With the start of a new decade, Chilled looks at the industry’s most anticipated trends.

Check out what’s about to hit bar menus in 2020.

First, the ingredients.

The quest for exotic flavors continues. Last year’s obsession with yuzu and ginger stays put with added citrus and herbal flavors like blood orange, shiso, and hemp-based products coming to the forefront. Tea-infused spirits and syrups and the use of bitter vermouth or sherry wine are other contenders on the list for most sought-after ingredients. While natural wines, foraged beers, and other earthy flavors continue to linger, wood-fired elements will also get bartenders rediscovering fire-enhanced flavors as grilled, roasted, and fire-blasted fruits and vegetables climb to the pinnacle of popular ingredients. The plant-based trend will translate from food to drinks, as beverages exclusively derived from plants such as alternative kinds of milk, drinks based in fruits and vegetables, and the use of Chlorophyll water are expected to increase in popularity for their perceived health and sustainability attributes.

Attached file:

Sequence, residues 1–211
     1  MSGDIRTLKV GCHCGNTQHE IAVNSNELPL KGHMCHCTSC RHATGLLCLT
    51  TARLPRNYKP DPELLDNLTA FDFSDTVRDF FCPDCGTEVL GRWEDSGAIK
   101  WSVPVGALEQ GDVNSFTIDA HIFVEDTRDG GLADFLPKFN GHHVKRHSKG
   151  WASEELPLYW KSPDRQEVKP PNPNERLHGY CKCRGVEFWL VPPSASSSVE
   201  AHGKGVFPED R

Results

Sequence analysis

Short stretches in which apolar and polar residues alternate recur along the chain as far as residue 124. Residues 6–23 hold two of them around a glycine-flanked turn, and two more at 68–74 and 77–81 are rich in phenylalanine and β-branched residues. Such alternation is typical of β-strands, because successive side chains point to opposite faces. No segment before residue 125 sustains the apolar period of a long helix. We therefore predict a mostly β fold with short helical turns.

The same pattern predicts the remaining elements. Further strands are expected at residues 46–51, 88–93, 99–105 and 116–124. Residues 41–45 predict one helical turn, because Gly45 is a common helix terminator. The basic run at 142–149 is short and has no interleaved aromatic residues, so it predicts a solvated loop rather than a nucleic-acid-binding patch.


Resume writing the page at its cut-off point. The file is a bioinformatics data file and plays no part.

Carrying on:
Indo's Zac Adcox

Peter Krause, Bar Manager at Indo

Also, in terms of garnishing ingredients, aromatic (inedible) types are thriving as bartenders look forward to experimenting with these sensory ideas in 2020. Examples include spice sachets with cloves and allspice, burning sticks of wood, or even absorbent, scented squares of paper attached to glassware. “I’ll smoke a glass or the liquid. I’ll light things on fire and garnish extravagantly. I love to make something aromatically special,” says Joshua Coates, Beverage Manager of Notch Modern Kitchen & Bar.